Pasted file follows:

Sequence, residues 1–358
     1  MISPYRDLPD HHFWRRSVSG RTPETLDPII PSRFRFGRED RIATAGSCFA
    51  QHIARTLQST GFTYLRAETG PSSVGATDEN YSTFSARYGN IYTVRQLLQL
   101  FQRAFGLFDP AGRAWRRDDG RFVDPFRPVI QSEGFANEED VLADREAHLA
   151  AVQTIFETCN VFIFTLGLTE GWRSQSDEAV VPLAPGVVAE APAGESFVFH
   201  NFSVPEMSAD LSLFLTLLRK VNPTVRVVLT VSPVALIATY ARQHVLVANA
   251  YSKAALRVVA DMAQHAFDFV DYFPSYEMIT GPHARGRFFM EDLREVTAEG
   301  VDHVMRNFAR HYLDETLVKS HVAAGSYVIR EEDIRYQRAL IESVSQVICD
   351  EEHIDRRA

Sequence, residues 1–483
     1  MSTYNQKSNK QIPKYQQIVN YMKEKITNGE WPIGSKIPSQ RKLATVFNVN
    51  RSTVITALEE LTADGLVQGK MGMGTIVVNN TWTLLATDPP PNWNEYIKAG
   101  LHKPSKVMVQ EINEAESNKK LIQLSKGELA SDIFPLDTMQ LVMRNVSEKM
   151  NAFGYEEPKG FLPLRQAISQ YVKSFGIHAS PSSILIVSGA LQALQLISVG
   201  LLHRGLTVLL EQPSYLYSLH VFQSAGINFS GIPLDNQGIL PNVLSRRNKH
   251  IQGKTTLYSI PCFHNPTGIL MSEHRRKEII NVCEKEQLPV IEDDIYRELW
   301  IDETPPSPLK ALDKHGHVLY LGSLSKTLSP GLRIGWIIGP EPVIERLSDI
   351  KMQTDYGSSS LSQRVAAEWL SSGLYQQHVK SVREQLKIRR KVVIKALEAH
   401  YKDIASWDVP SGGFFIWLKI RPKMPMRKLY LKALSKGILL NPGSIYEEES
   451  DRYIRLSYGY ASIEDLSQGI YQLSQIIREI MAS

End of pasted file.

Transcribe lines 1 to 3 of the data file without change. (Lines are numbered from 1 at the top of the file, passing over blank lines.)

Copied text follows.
Sequence, residues 1–358
     1  MISPYRDLPD HHFWRRSVSG RTPETLDPII PSRFRFGRED RIATAGSCFA
    51  QHIARTLQST GFTYLRAETG PSSVGATDEN YSTFSARYGN IYTVRQLLQL